Lake Saif-ul-Malook, situated at a height 10, 600 feet at the northern tip of the Kaghan Valley in Pakistan’s Himalayas, is one of the most beautiful places on earth. I have been there twice, the first time as a 12-year old and then in 2009, when I determined to capture some of its magic on camera and on paper, in the words of two local storytellers who relate the legend of the Lake to visitors.
It is the story of a prince and a fairy, Saif-ul-Malook and Badr-ul-Jamal – a story of love, adventure, faith, magic, suffering and betrayal – a story of the multitude of human passions.
Many different versions exist, but below is a reproduction of what the storytellers told us, with ample writer’s liberties. I hope you enjoy it!
It was the Lake – emerald-green, calm as a mirror, ringed by rugged snow-capped peaks – the very one from his dream.
Saif’s joy was uncontrollable. “I shall find her, I shall find her here!” he cried, jumping up and down like a child. “My suffering is finally over!”
In his excitement, he forgot about how he had been transported to the Lake in the first place – courtesy the jinn of Solomon’s cap, who was at this moment standing behind him in human form.
The jinn cleared his throat. “Ahem, Prince Saif…there is one thing.” Saif turned around with a start. “What…?” he said slowly, peering at the jinn.
“You will not be able to see the Fairy Queen Badr Jamal. She is, like us, naari, borne of fire, hence invisible to the human eye in her true form.”
“So, what must I do to see her?” Saif asked impatiently.
“You may pray,” the jinn replied. “Pray for forty consecutive days – the chilla – without food, drink or sleep, without moving from the circle wherein you sit. Then, and only then, will you be able to see the Fairy Badr Jamal.”
With these somber words, the jinn vanished.
It sounded impossible. Only saints and prophets like Jesus and Moses, and later on Baba Farid Ganj Shakkar and Hafiz of Shiraz, had been known to perform a chilla to completion – others either died or lost their senses in the attempt.
But Saif was not about to be thwarted from his objective so close to the end. “I’ve looked for her for six years, wandering the streets of Egypt with nothing but a kashkol, a begging bowl. Surely I can endure another forty days?”
So, drawing a circle of pebbles on the southern shore of the Lake, he seated himself inside, closed his eyes, and began to pray. He prayed, and prayed, and prayed, and as the suns went down and the moons came up, Saif grew a little weaker, his face thinner, his pain stronger, his yearning deeper. He lost count of the days, and awaited each night with the hope – “Perhaps I will see her tonight?”
But Badr Jamal did not appear.
One night, as the sun cast its dying amber rays on the Himalayan slopes, and twilight crept into the sky with the daub of a divine paintbrush, Prince Saif sat in his circle wondering if he would live to see another day. Physically exhausted, his body was about to give up the struggle, but his mind had never felt sharper, calmer.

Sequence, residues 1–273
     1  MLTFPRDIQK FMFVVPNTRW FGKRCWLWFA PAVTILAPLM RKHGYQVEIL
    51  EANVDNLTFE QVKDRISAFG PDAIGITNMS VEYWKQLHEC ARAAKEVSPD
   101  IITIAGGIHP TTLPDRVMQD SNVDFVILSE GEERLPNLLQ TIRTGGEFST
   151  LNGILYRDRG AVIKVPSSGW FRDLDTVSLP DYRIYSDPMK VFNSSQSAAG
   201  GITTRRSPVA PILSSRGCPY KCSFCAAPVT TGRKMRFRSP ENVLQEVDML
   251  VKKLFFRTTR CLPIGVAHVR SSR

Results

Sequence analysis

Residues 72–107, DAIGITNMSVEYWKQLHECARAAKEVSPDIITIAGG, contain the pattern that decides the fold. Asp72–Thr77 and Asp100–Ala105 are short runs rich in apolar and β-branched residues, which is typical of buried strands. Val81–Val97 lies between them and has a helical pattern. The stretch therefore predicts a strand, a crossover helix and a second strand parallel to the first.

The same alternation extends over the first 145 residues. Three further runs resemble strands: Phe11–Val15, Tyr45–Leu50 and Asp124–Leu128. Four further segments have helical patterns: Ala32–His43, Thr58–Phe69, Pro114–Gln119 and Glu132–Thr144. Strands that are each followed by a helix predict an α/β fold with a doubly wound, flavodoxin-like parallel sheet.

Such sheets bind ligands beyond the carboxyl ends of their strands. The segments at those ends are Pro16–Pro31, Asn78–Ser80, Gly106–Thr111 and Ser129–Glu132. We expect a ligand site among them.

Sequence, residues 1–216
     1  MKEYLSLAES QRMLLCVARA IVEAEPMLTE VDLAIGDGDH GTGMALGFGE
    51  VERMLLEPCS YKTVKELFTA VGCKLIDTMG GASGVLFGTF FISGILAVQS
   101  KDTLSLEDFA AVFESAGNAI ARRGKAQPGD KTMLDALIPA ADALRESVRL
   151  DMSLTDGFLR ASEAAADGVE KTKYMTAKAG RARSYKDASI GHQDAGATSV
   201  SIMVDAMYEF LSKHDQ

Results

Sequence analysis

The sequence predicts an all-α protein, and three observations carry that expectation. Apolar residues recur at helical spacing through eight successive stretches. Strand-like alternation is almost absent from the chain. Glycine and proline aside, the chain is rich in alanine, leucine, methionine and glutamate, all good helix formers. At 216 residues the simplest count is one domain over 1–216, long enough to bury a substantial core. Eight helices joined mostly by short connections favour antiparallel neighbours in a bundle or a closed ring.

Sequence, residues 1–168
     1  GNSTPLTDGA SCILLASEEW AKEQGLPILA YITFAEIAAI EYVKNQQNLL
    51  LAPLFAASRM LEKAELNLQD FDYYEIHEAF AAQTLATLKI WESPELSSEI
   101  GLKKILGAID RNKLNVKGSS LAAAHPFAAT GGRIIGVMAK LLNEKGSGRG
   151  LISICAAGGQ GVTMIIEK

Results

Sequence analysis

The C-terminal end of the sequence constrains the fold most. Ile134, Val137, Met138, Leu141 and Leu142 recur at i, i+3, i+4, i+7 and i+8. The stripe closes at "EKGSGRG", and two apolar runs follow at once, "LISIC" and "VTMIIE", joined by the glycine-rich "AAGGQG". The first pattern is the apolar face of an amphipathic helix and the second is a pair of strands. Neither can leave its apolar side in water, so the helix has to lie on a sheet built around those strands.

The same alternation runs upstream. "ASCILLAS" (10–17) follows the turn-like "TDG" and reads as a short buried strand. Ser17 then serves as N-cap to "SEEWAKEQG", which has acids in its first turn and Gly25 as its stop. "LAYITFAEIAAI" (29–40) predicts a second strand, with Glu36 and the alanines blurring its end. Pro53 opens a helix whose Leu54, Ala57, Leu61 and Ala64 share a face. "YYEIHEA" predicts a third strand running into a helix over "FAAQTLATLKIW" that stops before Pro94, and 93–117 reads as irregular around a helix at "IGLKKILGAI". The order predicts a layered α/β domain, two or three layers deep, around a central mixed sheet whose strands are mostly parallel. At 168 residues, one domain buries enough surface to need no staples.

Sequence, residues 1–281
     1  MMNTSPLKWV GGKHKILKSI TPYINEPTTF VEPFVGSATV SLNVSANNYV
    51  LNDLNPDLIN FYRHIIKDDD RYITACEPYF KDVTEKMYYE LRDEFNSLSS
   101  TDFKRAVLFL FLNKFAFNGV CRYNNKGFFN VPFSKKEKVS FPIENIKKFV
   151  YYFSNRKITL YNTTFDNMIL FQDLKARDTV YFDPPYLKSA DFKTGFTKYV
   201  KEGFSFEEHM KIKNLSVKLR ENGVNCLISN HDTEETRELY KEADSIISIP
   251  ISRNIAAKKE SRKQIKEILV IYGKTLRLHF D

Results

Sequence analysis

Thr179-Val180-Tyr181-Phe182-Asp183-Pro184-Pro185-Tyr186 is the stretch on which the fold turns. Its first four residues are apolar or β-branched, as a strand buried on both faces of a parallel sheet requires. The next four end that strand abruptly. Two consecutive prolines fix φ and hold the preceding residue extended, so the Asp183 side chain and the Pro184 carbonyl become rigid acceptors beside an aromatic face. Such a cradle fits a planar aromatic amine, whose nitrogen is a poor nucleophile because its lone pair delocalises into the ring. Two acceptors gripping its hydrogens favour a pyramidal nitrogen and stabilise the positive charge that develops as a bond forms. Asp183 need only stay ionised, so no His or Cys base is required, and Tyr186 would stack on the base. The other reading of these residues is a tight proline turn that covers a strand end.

It was also a chowdveen ki raat – the 14th of the lunar month, or night of a full moon – and the sight of that perfect silver orb, glowing in the star-studded indigo sky, enveloping the Lake, the mountains and himself in its ethereal light, filled Prince Saif’s heart with peace. “If I were to die here tonight, if my soul were to leave my body tonight, I would be happy man.”
Suddenly, a sound reached his ears – like the fluttering of a great flock of birds, far away at first, then closer – intermingled with a delicate tinkling, like the chime of a thousand tiny bells. Saif looked up; a great white cloud was moving from the west towards the Lake.
“Perhaps it’s the Angels of Death, come to take me home!”, Saif thought.
But they were not Angels, because Prince Saif-ul-Malook was not destined to die that night. That chowdveen ki raat, Saif became one of the handful of human beings to ever complete a chilla, and one of the rarer still to set eyes on the mythical Fairies of Koh Kaaf, the Caucasus Mountains, that magical land that lay at the border of Asia and the savage West. The Fairies flew to the Lake every full moon to bathe, and their Queen was Badr-ul-Jamal.
The white cloud slowly descended at the shore of the Lake, and seven forms emerged – seven beatific creatures, fair-limbed, dark-haired, golden-eyed, with large gossamer wings on their backs that glittered in the moonlight.
Saif was dumbstruck. An invisible force propelled him to his feet and he ran behind some large boulders, from where he could see without being seen. His mouth agape with wonder, he watched as the seven Fairies laughingly doffed their wings, folded them neatly on ground, and dived into the deep, shimmering waters of the Lake.
And then he saw her – Badr Jamal. She was the last to enter the Lake, effortlessly gliding through the water with her long black hair spread out behind her, her face radiant as the full moon, eyes twinkling like a child’s. She was the most beautiful creature he had ever set eyes on.
Prince Saif felt like he would faint from rapture. The object of his quest, of six years and forty days of tortuous struggle, was right there in plain sight; a living, breathing, palpable creature!